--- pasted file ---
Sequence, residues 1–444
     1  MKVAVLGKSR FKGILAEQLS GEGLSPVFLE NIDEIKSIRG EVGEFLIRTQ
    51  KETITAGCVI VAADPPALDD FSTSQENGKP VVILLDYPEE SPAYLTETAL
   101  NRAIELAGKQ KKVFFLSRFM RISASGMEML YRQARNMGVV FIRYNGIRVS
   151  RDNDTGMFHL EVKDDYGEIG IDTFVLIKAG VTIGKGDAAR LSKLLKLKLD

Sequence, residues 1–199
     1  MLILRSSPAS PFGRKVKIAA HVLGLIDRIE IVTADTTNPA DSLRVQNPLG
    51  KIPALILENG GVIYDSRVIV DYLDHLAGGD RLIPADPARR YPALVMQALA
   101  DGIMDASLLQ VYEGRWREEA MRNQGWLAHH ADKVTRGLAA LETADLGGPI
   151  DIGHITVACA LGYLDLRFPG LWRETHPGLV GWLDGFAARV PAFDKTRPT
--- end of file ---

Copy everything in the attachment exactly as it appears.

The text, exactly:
Sequence, residues 1–444
     1  MKVAVLGKSR FKGILAEQLS GEGLSPVFLE NIDEIKSIRG EVGEFLIRTQ
    51  KETITAGCVI VAADPPALDD FSTSQENGKP VVILLDYPEE SPAYLTETAL
   101  NRAIELAGKQ KKVFFLSRFM RISASGMEML YRQARNMGVV FIRYNGIRVS
   151  RDNDTGMFHL EVKDDYGEIG IDTFVLIKAG VTIGKGDAAR LSKLLKLKLD

Sequence, residues 1–199
     1  MLILRSSPAS PFGRKVKIAA HVLGLIDRIE IVTADTTNPA DSLRVQNPLG
    51  KIPALILENG GVIYDSRVIV DYLDHLAGGD RLIPADPARR YPALVMQALA
   101  DGIMDASLLQ VYEGRWREEA MRNQGWLAHH ADKVTRGLAA LETADLGGPI
   151  DIGHITVACA LGYLDLRFPG LWRETHPGLV GWLDGFAARV PAFDKTRPT